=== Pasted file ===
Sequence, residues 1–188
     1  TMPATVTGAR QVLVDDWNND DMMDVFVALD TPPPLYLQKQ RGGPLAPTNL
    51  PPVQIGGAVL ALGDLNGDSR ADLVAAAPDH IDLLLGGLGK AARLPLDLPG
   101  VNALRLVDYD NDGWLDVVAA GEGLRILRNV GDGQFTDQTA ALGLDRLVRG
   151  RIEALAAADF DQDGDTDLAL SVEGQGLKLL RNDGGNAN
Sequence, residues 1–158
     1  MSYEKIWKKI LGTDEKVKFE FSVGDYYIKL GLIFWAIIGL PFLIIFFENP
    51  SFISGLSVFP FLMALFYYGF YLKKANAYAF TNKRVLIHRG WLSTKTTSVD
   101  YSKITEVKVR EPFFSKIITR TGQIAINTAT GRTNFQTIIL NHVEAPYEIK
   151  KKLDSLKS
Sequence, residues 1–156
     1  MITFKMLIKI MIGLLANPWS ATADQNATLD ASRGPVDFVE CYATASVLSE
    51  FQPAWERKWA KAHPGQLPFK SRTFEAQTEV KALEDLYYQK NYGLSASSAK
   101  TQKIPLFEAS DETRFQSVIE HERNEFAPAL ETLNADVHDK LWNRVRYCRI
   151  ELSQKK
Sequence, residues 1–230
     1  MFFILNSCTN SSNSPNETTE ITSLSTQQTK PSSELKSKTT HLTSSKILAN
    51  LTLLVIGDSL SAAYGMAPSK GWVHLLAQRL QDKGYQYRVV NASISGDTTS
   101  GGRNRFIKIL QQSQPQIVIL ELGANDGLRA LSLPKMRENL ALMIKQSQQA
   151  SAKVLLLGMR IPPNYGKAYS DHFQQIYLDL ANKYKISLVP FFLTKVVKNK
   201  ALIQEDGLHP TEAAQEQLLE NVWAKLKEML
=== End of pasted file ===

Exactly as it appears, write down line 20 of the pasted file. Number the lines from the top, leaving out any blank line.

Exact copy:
   151  SAKVLLLGMR IPPNYGKAYS DHFQQIYLDL ANKYKISLVP FFLTKVVKNK